"My Story…" Monday: Calling Home


My husband dropped me off at our house way out in the country. I had no close neighbors and it was eerily quiet there. My son fell easily asleep and Daddy put him in his crib before heading back out. Before he left me, he told me, “Call me in the morning and I’ll come home- you can’t be lifting him out of the crib. He’s almost 30 pounds. The doctor said you should at least take it a little easy…” I nodded, kissed him, and locked the door behind him.

Then I called my parents.

Sitting cross-legged in the middle of our bed, I dialed home. My mom answered. I told her about my father-in-law… that things weren’t looking good. That, barring a near-miracle, he wasn’t likely to come out of the coma and the doctors weren’t seeing the kind of brain activity they wanted. I had no time-line on what was happening, but I knew things were not looking up. I asked for her (and my dad’s) prayers for him.

After filling her in on that situation, I told her I needed to ask for more prayers. For me this time…

“I need to ask you to say a few prayers for me too, Mom…”

“Why??? What’s wrong?”

“I’m… well, I was… no, I AM pregnant. Almost six weeks.”

“You ARE?”

Let me stop right here and tell you all this: Since I got pregnant with my second child when first was only five months old, I was always scared to tell people. And, over time, I’ve dealt with a whole lot of “You DO know how that happens don’t you?” And I was afraid to tell my parents. I thought they’d think I was ridiculous, crazy, and irresponsible.

But my mom’s “You ARE?” was filled with excitement. Joy. Anticipation. There was not one bit of judgment or derision in her tone. I let out a breath and cried tears of relief. I told her what the doctor said and that we would know more in two days. I could feel her love and support over the line as we said our goodbyes.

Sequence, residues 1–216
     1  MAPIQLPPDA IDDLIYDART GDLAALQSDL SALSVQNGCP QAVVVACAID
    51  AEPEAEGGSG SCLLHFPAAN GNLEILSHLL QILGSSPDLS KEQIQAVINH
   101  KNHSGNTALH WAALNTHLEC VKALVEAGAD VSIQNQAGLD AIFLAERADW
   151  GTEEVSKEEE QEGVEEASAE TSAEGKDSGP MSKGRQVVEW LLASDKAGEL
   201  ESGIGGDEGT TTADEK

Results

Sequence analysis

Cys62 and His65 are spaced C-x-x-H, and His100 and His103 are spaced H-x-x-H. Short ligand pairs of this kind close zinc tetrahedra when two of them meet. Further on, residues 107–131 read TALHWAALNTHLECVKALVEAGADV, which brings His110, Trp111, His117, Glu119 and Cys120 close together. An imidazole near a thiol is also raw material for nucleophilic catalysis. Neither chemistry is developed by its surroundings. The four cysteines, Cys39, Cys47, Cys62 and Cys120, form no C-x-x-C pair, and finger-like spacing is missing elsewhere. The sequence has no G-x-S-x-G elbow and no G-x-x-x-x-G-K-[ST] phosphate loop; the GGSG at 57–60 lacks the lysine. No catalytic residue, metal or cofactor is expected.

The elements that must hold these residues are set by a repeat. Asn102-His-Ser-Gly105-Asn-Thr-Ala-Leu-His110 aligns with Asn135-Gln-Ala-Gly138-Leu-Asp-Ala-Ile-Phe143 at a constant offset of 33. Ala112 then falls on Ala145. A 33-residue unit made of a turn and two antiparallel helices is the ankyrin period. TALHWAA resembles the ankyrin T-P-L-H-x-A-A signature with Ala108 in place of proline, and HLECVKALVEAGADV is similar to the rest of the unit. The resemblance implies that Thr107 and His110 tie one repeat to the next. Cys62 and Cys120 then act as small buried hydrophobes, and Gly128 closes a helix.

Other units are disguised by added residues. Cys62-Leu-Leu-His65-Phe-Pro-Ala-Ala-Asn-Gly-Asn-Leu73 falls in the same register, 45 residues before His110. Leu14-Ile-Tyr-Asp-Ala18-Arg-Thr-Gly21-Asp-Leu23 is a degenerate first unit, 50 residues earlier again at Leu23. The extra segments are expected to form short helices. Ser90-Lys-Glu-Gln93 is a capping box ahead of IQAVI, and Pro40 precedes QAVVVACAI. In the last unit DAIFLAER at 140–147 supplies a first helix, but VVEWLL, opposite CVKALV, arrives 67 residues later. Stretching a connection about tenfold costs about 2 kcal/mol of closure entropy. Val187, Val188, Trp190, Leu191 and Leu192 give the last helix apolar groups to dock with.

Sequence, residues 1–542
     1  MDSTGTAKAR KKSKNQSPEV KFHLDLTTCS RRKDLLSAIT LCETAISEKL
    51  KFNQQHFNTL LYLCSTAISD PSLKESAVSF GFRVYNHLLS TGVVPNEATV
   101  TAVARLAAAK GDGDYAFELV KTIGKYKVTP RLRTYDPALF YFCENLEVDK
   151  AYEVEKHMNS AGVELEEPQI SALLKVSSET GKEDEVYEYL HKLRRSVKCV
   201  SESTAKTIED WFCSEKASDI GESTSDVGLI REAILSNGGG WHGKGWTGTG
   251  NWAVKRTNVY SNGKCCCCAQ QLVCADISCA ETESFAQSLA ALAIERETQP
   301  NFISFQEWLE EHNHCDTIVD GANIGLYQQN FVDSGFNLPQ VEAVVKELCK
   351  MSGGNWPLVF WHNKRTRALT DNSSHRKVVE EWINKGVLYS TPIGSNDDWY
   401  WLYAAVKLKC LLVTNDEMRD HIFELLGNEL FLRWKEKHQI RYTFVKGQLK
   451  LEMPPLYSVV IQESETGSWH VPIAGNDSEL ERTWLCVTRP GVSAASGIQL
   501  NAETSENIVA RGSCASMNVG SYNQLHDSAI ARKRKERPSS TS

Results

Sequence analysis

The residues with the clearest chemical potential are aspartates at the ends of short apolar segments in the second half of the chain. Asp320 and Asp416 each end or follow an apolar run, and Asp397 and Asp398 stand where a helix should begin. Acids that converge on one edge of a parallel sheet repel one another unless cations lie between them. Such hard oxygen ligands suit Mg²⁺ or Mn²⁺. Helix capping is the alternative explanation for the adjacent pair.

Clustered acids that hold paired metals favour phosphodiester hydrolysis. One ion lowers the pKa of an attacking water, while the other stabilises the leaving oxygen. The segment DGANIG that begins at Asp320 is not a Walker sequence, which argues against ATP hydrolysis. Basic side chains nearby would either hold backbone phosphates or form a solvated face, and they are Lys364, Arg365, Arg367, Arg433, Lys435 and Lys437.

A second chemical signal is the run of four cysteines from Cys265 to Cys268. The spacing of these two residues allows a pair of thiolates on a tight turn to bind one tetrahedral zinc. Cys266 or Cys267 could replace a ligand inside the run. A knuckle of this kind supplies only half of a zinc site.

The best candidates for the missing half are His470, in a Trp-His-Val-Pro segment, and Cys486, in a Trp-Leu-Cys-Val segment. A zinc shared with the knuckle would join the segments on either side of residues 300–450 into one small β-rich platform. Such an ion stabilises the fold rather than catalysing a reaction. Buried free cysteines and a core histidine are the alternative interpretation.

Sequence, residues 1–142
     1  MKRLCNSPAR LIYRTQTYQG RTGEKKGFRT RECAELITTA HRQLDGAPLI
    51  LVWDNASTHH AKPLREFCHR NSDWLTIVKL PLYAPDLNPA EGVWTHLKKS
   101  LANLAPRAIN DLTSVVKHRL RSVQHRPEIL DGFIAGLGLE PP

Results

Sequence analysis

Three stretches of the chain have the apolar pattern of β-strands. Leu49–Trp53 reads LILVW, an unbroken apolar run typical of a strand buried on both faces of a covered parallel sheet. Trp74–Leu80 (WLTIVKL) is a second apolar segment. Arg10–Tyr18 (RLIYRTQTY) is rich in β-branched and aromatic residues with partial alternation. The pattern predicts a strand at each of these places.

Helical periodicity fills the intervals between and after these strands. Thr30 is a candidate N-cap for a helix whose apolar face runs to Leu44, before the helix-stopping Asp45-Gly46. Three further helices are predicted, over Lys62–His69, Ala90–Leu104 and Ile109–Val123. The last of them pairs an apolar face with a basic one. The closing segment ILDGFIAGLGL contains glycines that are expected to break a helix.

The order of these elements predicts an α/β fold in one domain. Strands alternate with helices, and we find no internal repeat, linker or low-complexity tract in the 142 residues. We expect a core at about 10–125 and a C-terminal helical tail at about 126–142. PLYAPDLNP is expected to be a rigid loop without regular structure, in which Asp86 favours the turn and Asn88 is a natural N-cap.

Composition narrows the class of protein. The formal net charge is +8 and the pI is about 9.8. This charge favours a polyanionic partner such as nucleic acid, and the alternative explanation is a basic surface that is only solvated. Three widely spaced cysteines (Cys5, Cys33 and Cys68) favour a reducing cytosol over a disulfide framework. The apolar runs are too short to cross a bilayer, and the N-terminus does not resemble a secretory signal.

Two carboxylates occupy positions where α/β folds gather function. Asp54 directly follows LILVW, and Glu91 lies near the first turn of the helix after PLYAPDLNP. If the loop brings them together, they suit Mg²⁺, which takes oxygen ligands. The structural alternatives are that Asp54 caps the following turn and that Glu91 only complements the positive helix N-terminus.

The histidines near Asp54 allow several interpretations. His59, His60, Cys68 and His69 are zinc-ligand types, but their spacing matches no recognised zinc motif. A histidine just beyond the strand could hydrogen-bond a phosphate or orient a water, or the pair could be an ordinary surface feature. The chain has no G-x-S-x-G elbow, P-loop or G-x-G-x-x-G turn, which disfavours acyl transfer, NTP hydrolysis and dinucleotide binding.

I drifted into a heavy, though fitful, sleep, my phone clenched in my hand just in case it rang. It didn’t.

I woke just before six and dialed my sister-in-law’s cell phone number (neither my husband nor I had cells at the time)…

She answered and sounded like she had a very bad cold.

“He’s already on his way home to get you,” she said, “He left about five minutes ago.”

“Oh, okay… Well, how are you?”

“Well, you know, as good as can be expected considering…”

And we disconnected.

I wouldn’t learn what had actually happened until my husband arrived a half hour later. I’ll tell you about that next time.

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“My Story…” Monday: Calling Home


My husband dropped me off at our house way out in the country. I had no close neighbors and it was eerily quiet there. My son fell easily asleep and Daddy put him in his crib before heading back out. Before he left me, he told me, “Call me in the morning and I’ll come home- you can’t be lifting him out of the crib. He’s almost 30 pounds. The doctor said you should at least take it a little easy…” I nodded, kissed him, and locked the door behind him.

Then I called my parents.

Sitting cross-legged in the middle of our bed, I dialed home. My mom answered. I told her about my father-in-law… that things weren’t looking good. That, barring a near-miracle, he wasn’t likely to come out of the coma and the doctors weren’t seeing the kind of brain activity they wanted. I had no time-line on what was happening, but I knew things were not looking up. I asked for her (and my dad’s) prayers for him.

After filling her in on that situation, I told her I needed to ask for more prayers. For me this time…

“I need to ask you to say a few prayers for me too, Mom…”

“Why??? What’s wrong?”

“I’m… well, I was… no, I AM pregnant. Almost six weeks.”

“You ARE?”

Let me stop right here and tell you all this: Since I got pregnant with my second child when first was only five months old, I was always scared to tell people. And, over time, I’ve dealt with a whole lot of “You DO know how that happens don’t you?” And I was afraid to tell my parents. I thought they’d think I was ridiculous, crazy, and irresponsible.

But my mom’s “You ARE?” was filled with excitement. Joy. Anticipation. There was not one bit of judgment or derision in her tone. I let out a breath and cried tears of relief. I told her what the doctor said and that we would know more in two days. I could feel her love and support over the line as we said our goodbyes.

I drifted into a heavy, though fitful, sleep, my phone clenched in my hand just in case it rang. It didn’t.

I woke just before six and dialed my sister-in-law’s cell phone number (neither my husband nor I had cells at the time)…

She answered and sounded like she had a very bad cold.

“He’s already on his way home to get you,” she said, “He left about five minutes ago.”

“Oh, okay… Well, how are you?”

“Well, you know, as good as can be expected considering…”

And we disconnected.

I wouldn’t learn what had actually happened until my husband arrived a half hour later. I’ll tell you about that next time.

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